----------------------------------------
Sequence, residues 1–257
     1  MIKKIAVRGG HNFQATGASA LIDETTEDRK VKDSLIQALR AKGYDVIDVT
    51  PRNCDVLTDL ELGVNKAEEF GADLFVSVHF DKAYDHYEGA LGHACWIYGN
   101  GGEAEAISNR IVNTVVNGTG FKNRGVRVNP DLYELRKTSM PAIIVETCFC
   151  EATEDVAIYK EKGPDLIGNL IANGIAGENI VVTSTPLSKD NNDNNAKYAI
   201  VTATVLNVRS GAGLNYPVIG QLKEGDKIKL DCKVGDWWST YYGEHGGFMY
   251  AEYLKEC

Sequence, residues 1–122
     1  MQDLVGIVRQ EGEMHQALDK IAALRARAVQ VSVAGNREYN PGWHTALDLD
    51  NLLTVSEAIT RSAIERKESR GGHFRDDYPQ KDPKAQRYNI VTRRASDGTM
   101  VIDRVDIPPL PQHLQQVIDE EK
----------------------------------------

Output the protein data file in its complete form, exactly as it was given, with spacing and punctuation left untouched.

Sequence, residues 1–257
     1  MIKKIAVRGG HNFQATGASA LIDETTEDRK VKDSLIQALR AKGYDVIDVT
    51  PRNCDVLTDL ELGVNKAEEF GADLFVSVHF DKAYDHYEGA LGHACWIYGN
   101  GGEAEAISNR IVNTVVNGTG FKNRGVRVNP DLYELRKTSM PAIIVETCFC
   151  EATEDVAIYK EKGPDLIGNL IANGIAGENI VVTSTPLSKD NNDNNAKYAI
   201  VTATVLNVRS GAGLNYPVIG QLKEGDKIKL DCKVGDWWST YYGEHGGFMY
   251  AEYLKEC

Sequence, residues 1–122
     1  MQDLVGIVRQ EGEMHQALDK IAALRARAVQ VSVAGNREYN PGWHTALDLD
    51  NLLTVSEAIT RSAIERKESR GGHFRDDYPQ KDPKAQRYNI VTRRASDGTM
   101  VIDRVDIPPL PQHLQQVIDE EK